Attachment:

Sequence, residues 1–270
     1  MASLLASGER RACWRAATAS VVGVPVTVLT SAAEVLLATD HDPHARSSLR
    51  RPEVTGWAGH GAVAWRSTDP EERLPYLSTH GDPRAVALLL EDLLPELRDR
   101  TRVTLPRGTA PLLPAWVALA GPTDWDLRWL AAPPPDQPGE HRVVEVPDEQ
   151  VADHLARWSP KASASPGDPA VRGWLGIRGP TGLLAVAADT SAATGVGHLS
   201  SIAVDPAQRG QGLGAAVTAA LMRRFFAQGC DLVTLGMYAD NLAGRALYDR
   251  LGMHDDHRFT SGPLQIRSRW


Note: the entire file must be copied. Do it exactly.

Sequence, residues 1–270
     1  MASLLASGER RACWRAATAS VVGVPVTVLT SAAEVLLATD HDPHARSSLR
    51  RPEVTGWAGH GAVAWRSTDP EERLPYLSTH GDPRAVALLL EDLLPELRDR
   101  TRVTLPRGTA PLLPAWVALA GPTDWDLRWL AAPPPDQPGE HRVVEVPDEQ
   151  VADHLARWSP KASASPGDPA VRGWLGIRGP TGLLAVAADT SAATGVGHLS
   201  SIAVDPAQRG QGLGAAVTAA LMRRFFAQGC DLVTLGMYAD NLAGRALYDR
   251  LGMHDDHRFT SGPLQIRSRW